Current efforts to protect open space in Kendall County are part of numerous municipal, county and private plans and programs. The county requires open space set aside in their developments, municipalities have included open space in their comprehensive plans, and the forest preserve district has a land acquisition program. Although there have been some joint efforts between entities, these efforts can be more effective with joint planning and coordination. Even though all of the individual efforts are important, PKN looks for logical connections of open space between communities, utilizes existing plans, and encourages the sharing of resources. Even with current efforts, approximately two percent of Kendall County is currently protected as publicly-owned open space. The question remains whether we can preserve open space fast enough to keep up with the rapid pace of development. The only way to preserve the amount of land necessary to protect our natural resources for future generations is to plan comprehensively, which includes intergovernmental cooperation and public-private partnerships. This is what PKN achieves- collaboration and partnerships to efficiently use available funds.
How will the open space master plan be implemented?
After the open space plan is approved and adopted by local units of government, landowners will be contacted to see if they are interested in discussing options to preserve their land. Several not-for-profit land conservation organizations are paretnering in this phase: The Conservation Foundation, Fox Valley Land Foundation, and CorLands. This is strictly voluntary for landowners. No landowner is obligated to discuss their plans with anyone. For those who are interested in talking about the future of their property, The Conservation Foundation and its partners will provide information to landowners and, at their pleasure, discuss preserving their property. Strategies may include simply retaining private ownership, designating a conservation easement, and donating or selling to an open space agency or organization. For those landowners who are developers, discussions will focus on how to protect open space within the development consistent with the vision set forth in the open space master plan and government plans. The goal, as landowners agree and funds become available, is to come as close as possible to mirroring the master plan over the next several years. Purchases of land, land donations and conservation easements are some of the tools available to landowners. To date, all three of these methods have been used successfully in Kendall County. Click here for more information about land conservation options.
How much land will be preserved?
There is no preset amount of land or percentage of land being considered. The planning process identifies land already designated as existing or planned open space in various comprehensive land use plans and then considers other high quality natural areas to preserve. The plan shows the amount of land necessary to preserve the unique, scenic and high quality natural resources found in Kendall County. However, any area identified on the plan as potential open space will not be targeted for involuntary acquisition. The natural resources base, along with what the public wants and is willing to pay, will ultimately determine the amount of land to be preserved.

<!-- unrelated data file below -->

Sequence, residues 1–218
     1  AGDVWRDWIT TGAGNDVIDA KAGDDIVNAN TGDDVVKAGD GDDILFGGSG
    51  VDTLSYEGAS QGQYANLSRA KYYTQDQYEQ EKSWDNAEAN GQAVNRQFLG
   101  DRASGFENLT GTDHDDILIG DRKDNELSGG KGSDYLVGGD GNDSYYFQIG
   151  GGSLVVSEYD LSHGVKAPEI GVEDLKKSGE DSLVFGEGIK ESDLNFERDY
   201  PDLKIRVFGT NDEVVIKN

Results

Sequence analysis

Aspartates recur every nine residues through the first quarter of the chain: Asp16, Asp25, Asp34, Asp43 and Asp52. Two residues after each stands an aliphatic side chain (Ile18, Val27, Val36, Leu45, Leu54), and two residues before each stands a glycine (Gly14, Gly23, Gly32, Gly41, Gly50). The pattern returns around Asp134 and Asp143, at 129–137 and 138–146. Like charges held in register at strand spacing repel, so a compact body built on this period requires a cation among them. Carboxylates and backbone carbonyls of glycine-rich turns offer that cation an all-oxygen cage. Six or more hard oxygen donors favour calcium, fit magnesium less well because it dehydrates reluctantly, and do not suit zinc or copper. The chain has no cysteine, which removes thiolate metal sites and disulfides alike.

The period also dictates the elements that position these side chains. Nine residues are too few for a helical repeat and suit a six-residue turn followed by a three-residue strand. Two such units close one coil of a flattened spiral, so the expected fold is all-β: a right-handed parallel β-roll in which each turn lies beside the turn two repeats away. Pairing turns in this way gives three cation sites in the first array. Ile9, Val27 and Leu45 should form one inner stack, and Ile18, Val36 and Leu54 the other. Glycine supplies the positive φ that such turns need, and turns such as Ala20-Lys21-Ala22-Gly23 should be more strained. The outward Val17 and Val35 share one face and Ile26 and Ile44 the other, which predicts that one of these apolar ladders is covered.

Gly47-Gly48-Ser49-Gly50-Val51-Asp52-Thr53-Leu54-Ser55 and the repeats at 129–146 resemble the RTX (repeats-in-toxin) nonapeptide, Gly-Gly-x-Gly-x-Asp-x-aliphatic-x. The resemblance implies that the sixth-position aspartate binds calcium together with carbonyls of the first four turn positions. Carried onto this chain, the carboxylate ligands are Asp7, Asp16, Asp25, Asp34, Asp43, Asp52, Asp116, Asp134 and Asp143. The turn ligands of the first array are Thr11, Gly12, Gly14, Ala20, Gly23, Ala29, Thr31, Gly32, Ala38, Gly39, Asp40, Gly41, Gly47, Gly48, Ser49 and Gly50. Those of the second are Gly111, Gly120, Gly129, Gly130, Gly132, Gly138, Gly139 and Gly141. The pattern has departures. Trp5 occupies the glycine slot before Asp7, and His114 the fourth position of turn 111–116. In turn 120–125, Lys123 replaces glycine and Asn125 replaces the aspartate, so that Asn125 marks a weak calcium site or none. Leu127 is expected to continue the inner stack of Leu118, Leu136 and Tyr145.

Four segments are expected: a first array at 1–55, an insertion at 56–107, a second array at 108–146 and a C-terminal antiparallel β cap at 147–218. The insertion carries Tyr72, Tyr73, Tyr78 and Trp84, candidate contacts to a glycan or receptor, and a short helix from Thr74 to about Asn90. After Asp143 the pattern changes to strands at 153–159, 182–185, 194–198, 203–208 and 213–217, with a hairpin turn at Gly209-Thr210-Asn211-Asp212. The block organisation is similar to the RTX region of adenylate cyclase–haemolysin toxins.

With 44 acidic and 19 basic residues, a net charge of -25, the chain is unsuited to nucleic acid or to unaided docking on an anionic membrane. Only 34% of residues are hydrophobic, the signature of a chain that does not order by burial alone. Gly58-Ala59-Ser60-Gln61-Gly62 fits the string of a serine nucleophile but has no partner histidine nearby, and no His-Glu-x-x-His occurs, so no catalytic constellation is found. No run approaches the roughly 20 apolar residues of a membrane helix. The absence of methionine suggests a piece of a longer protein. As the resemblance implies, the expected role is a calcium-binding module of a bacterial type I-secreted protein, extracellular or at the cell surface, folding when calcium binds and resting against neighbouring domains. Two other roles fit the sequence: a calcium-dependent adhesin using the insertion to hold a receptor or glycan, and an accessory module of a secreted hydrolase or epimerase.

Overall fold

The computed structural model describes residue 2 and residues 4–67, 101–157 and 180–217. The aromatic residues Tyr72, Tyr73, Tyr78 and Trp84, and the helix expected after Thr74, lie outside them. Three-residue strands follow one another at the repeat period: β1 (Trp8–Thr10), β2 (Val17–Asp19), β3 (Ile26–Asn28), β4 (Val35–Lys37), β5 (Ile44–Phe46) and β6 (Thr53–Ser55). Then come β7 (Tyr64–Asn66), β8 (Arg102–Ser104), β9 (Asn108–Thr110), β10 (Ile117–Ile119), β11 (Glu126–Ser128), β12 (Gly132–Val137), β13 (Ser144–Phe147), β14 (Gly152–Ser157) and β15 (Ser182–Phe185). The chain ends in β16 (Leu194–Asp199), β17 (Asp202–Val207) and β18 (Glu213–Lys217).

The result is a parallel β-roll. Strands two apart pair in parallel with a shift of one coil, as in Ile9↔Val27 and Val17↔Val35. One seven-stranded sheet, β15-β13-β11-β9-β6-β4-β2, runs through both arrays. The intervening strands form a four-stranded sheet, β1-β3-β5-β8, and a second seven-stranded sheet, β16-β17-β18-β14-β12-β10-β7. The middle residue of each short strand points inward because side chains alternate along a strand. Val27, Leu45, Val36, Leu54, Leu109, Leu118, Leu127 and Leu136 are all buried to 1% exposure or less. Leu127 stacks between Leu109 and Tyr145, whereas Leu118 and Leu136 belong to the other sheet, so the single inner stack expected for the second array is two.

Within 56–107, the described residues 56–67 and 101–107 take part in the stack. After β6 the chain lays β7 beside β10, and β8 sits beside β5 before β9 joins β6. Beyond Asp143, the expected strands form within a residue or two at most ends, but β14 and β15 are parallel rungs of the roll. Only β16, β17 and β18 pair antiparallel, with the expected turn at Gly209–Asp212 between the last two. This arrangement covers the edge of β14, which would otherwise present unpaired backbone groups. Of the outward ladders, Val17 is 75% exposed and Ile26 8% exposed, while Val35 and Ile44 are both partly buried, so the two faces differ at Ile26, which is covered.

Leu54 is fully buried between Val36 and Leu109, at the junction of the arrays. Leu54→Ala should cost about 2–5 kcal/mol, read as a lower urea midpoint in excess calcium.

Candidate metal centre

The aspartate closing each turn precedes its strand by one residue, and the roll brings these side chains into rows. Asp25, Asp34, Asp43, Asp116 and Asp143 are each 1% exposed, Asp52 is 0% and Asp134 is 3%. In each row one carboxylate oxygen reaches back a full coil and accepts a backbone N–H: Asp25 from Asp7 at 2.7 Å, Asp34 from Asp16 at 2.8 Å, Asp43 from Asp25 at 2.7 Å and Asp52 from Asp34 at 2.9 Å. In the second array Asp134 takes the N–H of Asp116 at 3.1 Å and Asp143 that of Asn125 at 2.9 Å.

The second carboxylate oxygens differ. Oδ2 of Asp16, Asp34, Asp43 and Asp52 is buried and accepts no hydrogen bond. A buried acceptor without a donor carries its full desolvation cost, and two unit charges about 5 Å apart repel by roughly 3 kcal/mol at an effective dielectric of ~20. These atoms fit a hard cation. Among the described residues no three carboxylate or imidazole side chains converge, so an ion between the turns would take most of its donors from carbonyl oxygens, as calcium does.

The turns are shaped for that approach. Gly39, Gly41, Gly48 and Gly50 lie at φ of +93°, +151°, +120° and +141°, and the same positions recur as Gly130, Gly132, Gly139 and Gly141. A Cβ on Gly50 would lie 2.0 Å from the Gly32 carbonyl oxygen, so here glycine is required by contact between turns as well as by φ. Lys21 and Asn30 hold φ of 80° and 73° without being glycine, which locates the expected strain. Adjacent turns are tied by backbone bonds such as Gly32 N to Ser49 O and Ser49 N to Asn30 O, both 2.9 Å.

Who is The Conservation Foundation and what are their activities in Kendall County?
The Conservation Foundation (TCF) is a 35-year-old regional not-for-profit conservation group based on a 60-acre farm in unincorporated Will County near Naperville. TCF is a grass-roots membership-based organization and has more than 3,000 members, including several hundred in Kendall County. It receives its funding mostly from memberships, donations and grants. TCF's activities in Kendall County began in 1997 after requests came from Kendall County citizens and officials asking for help with open space acquisition, sustainable development education and watershed protection programs. TCF organizes educational seminars on sustainable development, purchases land in cooperation with local agencies and advocates for open space protection, and helps coordinate watershed protection projects. TCF has a Kendall County resident on it Board of Trustees, 22 Kendall County residents on its active Advisory Council, and four staff members who reside in Kendall County. Recently a Program Office was opened at 2550 Dickson Road, Montgomery, IL. It houses TFC's Land Preservation Division.
What is the role of The Conservation Foundation in PKN?
TCF initiated PKN after a year of discussions and planning with area elected officials and planning experts. TCF hired a full-time employee, a Kendall County resident, to coordinate the day-to-day duties and provide leadership to the project. The ultimate outcome, however, is based on the local partners and their support of the plan. TCF acts as the fiscal agent for all the funding and has obtained significant private funds for the project.
For more information about Protect Kendall Now!, visit www.protectkendallnow.org or call project manager Stephanie Sheetz at (630) 553-0687, ext 304.